About: Eco-read reading and discussion group
Welcome to our Eco-read
Mattering is an important part of eco-reading: This is a shared space of narratives that include more than human stories. Here, the place matters, the reader matters, the novel matters, the author matters, the narrative matters as much as the voice matters. The author is not dead, nor is nature or history. Reading novels about what you yourself love matters. It inspires and stimulates; it gives courage. Courage matters. A great deal.
So, welcome on board if you share a pressing responsibility to act, but also question the acting. Both of those matter.
Discover narratives that embrace complexities of life
This “place” became a “place” while I sat in an apartment I call home, in the middle of Oslo during the corona lock-down, with a husband and a two year old child. By myself (whenever that would be), and next to the income-providing work, I worked on what would become my thesis, titled “Writing the self in the Anthropocene: agency and accountability in the age of posthuman”. My detective job was investigating continuities of identity between the human and nonhuman, exploring these in the genre of autobiographical writing and ecocritical literature. And, as probably anyone who ever tried to be a hermet, I experienced what it feels like to miss the ‘real’ and ‘social’-life continuities. Covid19 did not help. Everything felt stiff, zoom-ed, online, cut off. Each in our own window, virtual or physical, on a balcony, in a bubble, or a mask, we were left to our own devices – forgetting, or maybe precisely because of all this, realizing that our bodies do not end with the edges of our skin. Viruses know this. More people should know that too, that was the general idea, so we were locked up.
The continuities I so focus on – they are implicit and unavoidable. They are spatial and temporal simultaneously. Identity is shared across relationships in the here and now. Identity’s history constitutes each and every- “one’s” particular story. I would read and listen to all I could get my fingers on: anything “ecocritically/life-writing-about” I would eye, ear or otherwise conceive of, while being split into 3 zooms at once…(real story). The more I exposed myself to all these readings, texts, narratives, discussions and discourses, the more I felt the need, the necessity to share the ‘moments of being’ these readings generated, because, ‘behind the cotton wall’, they connected with more. And the more they did that, the more I remembered that this was never supposed to be a lonely venture, and that I was not a hermet.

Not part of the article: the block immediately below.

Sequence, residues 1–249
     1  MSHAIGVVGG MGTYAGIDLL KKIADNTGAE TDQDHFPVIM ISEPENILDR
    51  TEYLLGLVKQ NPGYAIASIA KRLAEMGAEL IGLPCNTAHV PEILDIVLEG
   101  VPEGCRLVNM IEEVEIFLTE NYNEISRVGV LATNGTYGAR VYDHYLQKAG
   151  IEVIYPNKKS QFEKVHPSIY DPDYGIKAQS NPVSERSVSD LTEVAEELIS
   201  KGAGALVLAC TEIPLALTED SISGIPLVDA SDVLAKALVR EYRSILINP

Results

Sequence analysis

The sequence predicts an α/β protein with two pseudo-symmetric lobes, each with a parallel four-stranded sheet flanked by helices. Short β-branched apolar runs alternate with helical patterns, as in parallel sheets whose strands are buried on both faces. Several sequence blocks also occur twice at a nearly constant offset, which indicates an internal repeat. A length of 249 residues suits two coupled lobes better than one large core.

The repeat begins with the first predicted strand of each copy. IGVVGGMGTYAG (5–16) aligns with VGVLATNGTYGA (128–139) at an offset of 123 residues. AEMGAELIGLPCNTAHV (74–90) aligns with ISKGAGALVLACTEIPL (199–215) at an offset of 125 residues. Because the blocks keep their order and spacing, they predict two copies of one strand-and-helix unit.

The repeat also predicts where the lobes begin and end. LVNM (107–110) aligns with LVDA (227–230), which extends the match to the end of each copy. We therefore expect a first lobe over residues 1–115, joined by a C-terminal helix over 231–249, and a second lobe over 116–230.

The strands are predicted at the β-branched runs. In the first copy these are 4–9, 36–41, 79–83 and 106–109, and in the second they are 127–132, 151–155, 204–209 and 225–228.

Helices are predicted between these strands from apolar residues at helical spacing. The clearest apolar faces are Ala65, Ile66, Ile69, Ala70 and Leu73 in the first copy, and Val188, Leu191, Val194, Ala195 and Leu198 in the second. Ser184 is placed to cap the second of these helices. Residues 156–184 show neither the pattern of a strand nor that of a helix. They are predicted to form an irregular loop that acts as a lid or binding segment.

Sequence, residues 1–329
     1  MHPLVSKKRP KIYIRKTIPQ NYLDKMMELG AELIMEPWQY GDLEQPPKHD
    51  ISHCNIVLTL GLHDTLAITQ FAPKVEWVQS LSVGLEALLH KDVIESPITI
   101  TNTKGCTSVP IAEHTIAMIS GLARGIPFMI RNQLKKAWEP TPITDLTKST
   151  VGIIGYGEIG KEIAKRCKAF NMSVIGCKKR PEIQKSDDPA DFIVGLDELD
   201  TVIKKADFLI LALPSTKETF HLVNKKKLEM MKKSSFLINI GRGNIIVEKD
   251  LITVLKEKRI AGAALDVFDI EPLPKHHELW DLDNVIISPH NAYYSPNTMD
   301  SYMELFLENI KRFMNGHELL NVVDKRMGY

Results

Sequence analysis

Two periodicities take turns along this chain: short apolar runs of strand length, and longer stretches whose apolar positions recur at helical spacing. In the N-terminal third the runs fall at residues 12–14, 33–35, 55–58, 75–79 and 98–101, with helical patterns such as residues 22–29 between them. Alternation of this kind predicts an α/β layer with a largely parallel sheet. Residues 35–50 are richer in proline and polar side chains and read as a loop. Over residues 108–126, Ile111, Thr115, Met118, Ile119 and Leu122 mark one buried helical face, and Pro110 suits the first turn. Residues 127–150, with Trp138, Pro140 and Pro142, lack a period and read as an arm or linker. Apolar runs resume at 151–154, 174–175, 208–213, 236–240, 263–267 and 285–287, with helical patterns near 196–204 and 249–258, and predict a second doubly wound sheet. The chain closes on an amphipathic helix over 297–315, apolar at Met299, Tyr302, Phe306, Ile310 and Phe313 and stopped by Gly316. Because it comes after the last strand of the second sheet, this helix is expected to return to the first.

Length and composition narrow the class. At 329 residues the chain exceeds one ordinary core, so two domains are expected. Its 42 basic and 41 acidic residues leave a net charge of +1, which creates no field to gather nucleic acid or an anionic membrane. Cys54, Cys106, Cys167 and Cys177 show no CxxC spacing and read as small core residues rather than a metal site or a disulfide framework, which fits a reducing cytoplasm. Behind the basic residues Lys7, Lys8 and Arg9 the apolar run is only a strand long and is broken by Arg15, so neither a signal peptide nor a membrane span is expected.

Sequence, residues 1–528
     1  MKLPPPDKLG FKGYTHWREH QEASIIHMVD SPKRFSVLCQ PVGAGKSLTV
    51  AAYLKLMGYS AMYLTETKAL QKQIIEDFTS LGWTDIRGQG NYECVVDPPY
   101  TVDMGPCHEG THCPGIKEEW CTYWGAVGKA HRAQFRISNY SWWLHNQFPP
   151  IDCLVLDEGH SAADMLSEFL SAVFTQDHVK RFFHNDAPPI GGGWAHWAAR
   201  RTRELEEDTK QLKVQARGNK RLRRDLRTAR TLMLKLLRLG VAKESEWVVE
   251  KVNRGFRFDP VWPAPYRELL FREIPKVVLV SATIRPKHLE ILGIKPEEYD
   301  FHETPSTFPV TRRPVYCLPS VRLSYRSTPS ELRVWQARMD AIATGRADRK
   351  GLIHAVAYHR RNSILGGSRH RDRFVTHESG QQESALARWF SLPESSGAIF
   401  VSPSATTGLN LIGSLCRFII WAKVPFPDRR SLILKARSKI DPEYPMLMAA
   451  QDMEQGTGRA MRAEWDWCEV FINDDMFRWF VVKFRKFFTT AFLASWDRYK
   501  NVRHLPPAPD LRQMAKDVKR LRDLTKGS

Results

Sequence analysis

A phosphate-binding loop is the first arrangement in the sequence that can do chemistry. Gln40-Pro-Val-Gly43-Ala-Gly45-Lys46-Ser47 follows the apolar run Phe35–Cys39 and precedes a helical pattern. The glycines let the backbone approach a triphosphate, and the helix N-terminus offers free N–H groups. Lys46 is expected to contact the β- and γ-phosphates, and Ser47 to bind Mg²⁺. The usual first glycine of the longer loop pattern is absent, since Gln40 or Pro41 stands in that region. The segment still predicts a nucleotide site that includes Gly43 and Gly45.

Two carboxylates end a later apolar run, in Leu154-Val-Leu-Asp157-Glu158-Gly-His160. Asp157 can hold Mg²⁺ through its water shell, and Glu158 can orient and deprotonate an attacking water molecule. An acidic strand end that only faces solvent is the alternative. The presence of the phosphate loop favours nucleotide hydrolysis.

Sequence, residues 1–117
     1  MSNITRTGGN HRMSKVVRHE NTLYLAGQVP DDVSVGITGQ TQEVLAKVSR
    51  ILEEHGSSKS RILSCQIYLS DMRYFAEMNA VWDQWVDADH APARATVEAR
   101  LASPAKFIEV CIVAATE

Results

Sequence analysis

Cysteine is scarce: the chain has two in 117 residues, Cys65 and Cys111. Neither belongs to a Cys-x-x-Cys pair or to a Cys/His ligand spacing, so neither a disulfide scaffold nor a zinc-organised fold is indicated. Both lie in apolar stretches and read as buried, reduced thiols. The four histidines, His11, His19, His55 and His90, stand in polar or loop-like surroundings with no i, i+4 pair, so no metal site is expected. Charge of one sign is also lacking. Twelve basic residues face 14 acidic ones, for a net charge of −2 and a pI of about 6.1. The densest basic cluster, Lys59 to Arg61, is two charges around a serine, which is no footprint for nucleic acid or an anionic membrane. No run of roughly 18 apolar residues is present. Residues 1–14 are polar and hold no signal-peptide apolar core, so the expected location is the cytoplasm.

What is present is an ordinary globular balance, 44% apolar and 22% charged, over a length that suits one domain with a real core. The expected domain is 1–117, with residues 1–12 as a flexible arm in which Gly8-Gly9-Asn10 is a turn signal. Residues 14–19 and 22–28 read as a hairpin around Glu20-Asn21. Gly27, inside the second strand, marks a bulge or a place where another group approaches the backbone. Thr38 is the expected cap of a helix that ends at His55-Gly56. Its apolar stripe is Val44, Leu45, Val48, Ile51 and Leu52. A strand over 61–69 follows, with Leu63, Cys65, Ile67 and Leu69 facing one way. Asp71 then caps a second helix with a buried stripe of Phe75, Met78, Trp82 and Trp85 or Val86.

So, please. this is an invite to join. to speak. to share. to generate. to get co-excited. inspire.
Hopefully not only via ‘zooming into each other’s living rooms’…
My name is Martina Mercellova. I am a master student of English literature at the University of Oslo and an Arne Næss grant-holder at the Centre for Development and the Environment. I am in love with (more than western) theory. I see a huge potential in the intersection of the autobiographical and the ecocritical for the recognition of the self, able to act – responsibly.
Come on board! Enjoy the fire. Let’s continue!
Like leaves of grass, we are interconnected. Braiding the sweetgrass, we embrace the connections. Humans or hawks, we can hear the sound of a snail eating, what the ants are saying, or how a rattlesnake moves under the porch. Overstory or underland, gathering moss, we may uncover our own roots.
Now, how many references to published and well-received econarratives have you noticed in the above? Check out our reading list and see where our discussions on them led us. Step by step, bird by bird. ‘The story of more’ matters to you once you engage with it.
criticism and theory
There are different ways of how to engage with an econarrative. Ecocriticism contains dozens of pathways and angles into the genre, some of them more provocative and contrasting than others.
Here we discuss ecocriticism and its role in understanding ecoliterature. Econarratives regarding topics such as ecology, relationships between a narrative “I” and her lifeworld, or phenomenology of dependencies that are not limited to human experience, all of these invite the reader into a dialogue. The dialogue can be critical.
Zooming out of the ‘small is beautiful’, and putting the narrative and critical details aside, the particularities make up a map, a continuum, where the the landscape is vast, dynamic, and interdisciplinary. What is the history of econarratives? Where do they come from? Have they ever “not been here”? What is the context for their appreciation?
Here we share our thoughts on the broader phenomenon of the green, on ecocriticism, indigeneity, environmental ethics, history of sustainability, activism, or emission reduction. Join our (broader) conversation!